Shaping Our Future: Finding your place in an ever-changing world
We recently published our Shaping Our Future: The Jack Petchey COVID-19 Youth Survey report which explored young people’s experience of the lockdown and what they wanted to see in the future. We asked YOU to write to us about what you thought of the report.
Former Jack Petchey Speak Out Challenge competitor and Achievement Award winner Samantha wrote to us about wellbeing and the importance of youth voice in politics.
Future. It’s a word that holds an uncertain weight due to its limitless possibilities. What can young people make of our future?
Hello! My name is Samantha Bampoe-Parry and I’m twenty years old from Southgate, North London. I first began my journey with the Jack Petchey Foundation in November 2015 when I participated in the Jack Petchey Speak Out Challenge. I gave a speech on the importance of LGBTQ+ rights, following the legalisation of same-sex marriages in England. Later on, in the school year, I won the Jack Petchey Achievement Award! I was nominated again in January when I won for the second time!
The Jack Petchey Foundation ran a survey over the summer called Shaping Our Future which asked young people what they thought about the lockdown. In response to the survey, I want to write about how to support the great work young people do for their communities there needs to be more mental health support available to young people.
In the Jack Petchey Foundation’s survey, 19% of young people felt that there needs to be more support to help young people stay engaged with the world around them. In the era of social media, it can be hard to find yourself in world that feels like it is moving at a million miles per hour! 2020 was also a year where I felt that youth voice was heard louder than ever. Whether it be participating in protests, supporting grassroots organisations, or spreading awareness about the ongoing issues in our world; the voices of young people are being heard.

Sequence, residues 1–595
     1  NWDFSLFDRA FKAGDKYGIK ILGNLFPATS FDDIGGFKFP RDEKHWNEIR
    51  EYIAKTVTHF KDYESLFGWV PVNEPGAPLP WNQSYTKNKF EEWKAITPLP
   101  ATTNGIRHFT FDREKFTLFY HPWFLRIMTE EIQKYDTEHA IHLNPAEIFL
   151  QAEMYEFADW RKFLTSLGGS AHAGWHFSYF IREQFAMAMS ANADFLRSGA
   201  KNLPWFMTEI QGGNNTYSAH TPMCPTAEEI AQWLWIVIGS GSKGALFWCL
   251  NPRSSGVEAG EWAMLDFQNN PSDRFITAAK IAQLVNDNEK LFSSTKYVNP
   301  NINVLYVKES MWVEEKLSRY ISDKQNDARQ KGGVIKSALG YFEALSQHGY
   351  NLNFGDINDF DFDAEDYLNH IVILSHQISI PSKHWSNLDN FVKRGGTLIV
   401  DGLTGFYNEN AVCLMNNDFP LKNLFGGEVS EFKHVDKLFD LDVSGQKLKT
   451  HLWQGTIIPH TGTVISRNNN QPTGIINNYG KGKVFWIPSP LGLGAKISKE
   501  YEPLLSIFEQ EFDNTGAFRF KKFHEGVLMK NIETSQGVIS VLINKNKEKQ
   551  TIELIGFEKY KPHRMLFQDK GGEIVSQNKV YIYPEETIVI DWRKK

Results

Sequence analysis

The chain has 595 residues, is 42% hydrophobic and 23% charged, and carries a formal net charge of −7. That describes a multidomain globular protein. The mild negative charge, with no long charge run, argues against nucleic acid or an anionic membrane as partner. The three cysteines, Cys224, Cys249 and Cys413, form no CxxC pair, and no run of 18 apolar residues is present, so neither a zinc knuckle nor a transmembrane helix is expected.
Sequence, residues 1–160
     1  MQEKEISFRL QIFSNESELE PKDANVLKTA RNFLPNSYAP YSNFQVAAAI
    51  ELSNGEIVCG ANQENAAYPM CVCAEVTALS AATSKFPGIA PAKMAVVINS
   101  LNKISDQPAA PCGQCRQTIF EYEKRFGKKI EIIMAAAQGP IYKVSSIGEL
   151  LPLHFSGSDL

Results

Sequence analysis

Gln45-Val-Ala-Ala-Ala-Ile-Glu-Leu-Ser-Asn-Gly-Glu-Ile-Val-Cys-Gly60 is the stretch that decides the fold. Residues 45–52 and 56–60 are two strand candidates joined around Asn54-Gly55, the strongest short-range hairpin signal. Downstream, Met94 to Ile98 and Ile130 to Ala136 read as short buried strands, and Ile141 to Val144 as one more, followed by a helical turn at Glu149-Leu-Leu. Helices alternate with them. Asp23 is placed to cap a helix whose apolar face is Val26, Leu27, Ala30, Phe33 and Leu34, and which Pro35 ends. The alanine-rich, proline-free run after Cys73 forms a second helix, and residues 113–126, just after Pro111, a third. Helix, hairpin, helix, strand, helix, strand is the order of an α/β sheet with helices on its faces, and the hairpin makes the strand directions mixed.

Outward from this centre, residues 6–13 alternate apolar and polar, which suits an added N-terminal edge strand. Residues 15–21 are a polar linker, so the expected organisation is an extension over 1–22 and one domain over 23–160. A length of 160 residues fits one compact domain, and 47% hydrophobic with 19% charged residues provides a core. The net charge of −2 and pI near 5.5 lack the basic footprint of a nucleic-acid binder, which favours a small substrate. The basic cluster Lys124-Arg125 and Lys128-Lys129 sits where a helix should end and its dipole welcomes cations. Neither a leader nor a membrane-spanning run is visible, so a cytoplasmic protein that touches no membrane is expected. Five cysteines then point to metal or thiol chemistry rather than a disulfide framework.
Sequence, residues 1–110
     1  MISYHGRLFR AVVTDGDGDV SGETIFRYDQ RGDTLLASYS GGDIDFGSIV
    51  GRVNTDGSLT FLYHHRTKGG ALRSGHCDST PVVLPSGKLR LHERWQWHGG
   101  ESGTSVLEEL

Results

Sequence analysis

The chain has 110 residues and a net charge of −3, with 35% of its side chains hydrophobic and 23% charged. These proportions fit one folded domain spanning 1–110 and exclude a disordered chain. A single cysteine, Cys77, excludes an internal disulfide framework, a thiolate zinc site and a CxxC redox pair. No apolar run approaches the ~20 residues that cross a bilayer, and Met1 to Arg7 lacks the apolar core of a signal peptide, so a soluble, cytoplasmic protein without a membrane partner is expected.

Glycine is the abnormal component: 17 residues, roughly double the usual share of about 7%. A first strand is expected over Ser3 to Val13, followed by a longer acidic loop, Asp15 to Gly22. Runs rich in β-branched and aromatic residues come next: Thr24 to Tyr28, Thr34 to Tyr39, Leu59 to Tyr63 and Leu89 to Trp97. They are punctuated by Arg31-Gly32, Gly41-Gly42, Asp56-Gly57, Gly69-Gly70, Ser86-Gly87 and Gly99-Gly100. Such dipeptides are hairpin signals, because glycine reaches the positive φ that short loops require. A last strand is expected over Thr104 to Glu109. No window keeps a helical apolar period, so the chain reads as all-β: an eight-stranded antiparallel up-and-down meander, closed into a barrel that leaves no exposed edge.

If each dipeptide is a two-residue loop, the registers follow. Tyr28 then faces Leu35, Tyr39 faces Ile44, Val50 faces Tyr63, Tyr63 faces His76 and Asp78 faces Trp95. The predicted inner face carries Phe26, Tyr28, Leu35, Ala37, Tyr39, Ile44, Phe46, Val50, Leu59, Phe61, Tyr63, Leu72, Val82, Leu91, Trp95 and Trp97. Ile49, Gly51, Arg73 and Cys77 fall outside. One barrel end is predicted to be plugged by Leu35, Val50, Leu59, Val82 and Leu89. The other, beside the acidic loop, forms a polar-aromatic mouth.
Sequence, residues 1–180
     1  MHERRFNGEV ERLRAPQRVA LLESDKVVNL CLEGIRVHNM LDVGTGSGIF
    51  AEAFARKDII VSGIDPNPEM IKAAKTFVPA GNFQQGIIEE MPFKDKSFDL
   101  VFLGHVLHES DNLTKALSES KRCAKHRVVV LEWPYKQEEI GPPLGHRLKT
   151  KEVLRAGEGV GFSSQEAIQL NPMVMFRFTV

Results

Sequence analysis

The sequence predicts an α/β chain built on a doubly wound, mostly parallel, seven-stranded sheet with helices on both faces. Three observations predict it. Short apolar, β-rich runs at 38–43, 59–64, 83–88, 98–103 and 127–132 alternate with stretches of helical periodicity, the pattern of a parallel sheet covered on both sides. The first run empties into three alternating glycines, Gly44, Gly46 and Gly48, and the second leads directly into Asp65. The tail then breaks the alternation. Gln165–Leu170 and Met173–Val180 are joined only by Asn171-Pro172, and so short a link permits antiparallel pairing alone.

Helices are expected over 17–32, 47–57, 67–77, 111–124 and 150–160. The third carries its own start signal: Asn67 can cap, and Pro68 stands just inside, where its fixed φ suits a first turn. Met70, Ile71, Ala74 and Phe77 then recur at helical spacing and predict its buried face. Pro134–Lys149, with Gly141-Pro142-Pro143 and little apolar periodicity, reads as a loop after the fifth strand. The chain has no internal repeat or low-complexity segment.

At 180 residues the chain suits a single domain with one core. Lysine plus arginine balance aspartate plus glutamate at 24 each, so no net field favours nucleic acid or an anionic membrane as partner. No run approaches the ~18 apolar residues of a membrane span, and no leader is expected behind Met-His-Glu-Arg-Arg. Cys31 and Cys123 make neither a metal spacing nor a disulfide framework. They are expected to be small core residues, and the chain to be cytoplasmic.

Besides scientists, nobody could’ve predicted the impact the pandemic would’ve had on our world. For a lot of people, myself included, this year began rather optimistically. However, from March up until now, the pandemic changed my world as I knew it.
After experiencing various hardships this year, I decided to take a simpler approach towards improving my mental health. Every evening I’d walk around my local area and capture the beauty of nature around me. My phone gallery is currently FILLED with photos of the sunsets I managed to snap photos of! I discovered places in London that been to before such as Hill Garden in Hampstead, Regent’s park, Primrose Hill, Alexandra Palace Park and Kyoto garden!
The most important thing I have learnt this year is that happiness can be found in the small things. If I were to take this learning and expand it to youth work in general, I would suggest that schools offer peer mentoring for younger students so that they get advice from people who’ve been in their position. More funding needs to go into mental health services so that young people aren’t left on waiting lists for months on end. Now more than ever, it is important for everyone to take care of themselves both physically and mentally wherever we can. Right now, I’m currently the healthiest I’ve been in a long time and I can only hope that others have similar stories to me!
Our generation is becoming known for how we can utilise our platforms both online and offline to protest and spread awareness about the topics that we care about. That was evident this summer when young people from around the country participated in protests about racism and police brutality. Seeing people take to the streets regardless of their background highlighted that in the face of adversity, young people are united as one. This unity was seen again when A-Level students were to be assigned their grades by an algorithm in August, students made sure their voices were heard regarding the effects of this.
In the Jack Petchey COVID-19 Youth Survey, 10% of young people felt that there needed to be more youth voice in politics. I wholeheartedly agree as the youth voice is an important one. Policies and decisions made also directly impact young people.
From 2017 to 2019 I was member of my local borough’s youth parliament. I was able to deliver my viewpoints on the policies that were to be implemented by our council, the local police, and other leaders within my community. I would encourage young people to participate in these programmes as it was such an enriching time where I was able to be a direct catalyst towards change!
What will the future be like? That I can’t tell you. However, if there’s one thing I’m sure of, it’s that the future is in good hands. Young people all around the country are moulding the world around us and shaping it into a world that we’re proud of.